In extending the conversation, I would propose that doing TBL evaluation can be unwieldy. Still important conceptually, just difficult. I have seen businesses seeking to implement some dashboard metrics that included TBL issues, and found evaluation difficult because of the multiple outcomes. To aid in this, I would offer that it would be ideal to incorporate having an impact on people and/or place in the business plan as key factors that would be able to be key in our ability to also drive the monetary bottom line. Some good examples of this would include TOMS and Land of a Thousand Hills. If there is a big idea that resonates as true and worthwhile with others, then it should give a competitive advantage when all other things are equal. Even when other things such as price or ease of access are not equal, it may still give a distinct benefit that will help drive the old-fashioned bottom line.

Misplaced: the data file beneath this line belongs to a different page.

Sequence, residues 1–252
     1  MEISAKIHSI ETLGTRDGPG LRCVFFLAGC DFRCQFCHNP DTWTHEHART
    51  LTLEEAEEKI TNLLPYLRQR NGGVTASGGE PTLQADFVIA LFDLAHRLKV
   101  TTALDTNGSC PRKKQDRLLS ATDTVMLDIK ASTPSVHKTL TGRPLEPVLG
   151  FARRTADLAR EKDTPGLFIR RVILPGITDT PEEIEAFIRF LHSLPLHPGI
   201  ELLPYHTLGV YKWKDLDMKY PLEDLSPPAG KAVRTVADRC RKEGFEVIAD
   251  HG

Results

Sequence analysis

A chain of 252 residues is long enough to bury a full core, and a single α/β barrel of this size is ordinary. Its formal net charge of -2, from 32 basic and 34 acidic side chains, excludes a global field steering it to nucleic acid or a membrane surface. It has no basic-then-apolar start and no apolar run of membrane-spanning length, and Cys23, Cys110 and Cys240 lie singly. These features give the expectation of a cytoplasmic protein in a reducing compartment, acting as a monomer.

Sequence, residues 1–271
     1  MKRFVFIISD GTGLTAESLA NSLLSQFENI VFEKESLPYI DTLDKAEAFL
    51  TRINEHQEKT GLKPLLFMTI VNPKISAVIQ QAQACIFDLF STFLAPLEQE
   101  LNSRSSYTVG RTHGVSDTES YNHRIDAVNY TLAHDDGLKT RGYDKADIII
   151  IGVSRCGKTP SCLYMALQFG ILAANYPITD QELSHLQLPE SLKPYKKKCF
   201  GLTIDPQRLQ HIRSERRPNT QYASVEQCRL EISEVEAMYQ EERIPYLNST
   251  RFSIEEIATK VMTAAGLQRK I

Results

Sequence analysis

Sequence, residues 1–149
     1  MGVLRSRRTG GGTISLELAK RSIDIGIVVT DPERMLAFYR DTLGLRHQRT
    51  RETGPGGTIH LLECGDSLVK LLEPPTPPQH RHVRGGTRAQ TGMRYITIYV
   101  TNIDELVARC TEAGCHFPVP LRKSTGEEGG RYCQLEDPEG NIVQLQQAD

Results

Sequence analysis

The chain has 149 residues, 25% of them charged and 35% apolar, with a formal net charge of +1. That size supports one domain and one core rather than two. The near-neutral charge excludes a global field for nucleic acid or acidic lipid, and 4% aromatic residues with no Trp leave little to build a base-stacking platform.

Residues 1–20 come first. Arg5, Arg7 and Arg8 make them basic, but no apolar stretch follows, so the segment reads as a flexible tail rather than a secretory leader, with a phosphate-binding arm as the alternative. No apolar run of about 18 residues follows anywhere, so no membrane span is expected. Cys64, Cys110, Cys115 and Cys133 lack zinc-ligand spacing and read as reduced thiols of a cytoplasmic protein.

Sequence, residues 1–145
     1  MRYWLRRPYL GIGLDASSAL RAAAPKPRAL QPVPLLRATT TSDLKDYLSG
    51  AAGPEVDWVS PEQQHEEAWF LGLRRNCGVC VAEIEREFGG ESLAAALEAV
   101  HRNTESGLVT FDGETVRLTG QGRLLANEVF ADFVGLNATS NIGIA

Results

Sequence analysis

Historically, businesses that have sought to do good have primarily done that through charitable giving. This avenue is still healthy and has great merit. But finding ways to incorporate being a blessing to others and/or to the creation we are to steward are definitely worthwhile pursuits to incorporate into business plans and practices.
Sent as Christ was sent, we are, I would offer, sent as the wise ones (among other things). So, what say you wise ones? What do we do with the TBL as we seek to live out the gospel?
This video quickly illustrates some of the cultural differences between a western mindset and what is the uniqueness of Russia. This provides a funny look at some extremes in culture, but also serves as a reminder of some of the challenges that lay ahead in seeking to do business as mission in a foreign context.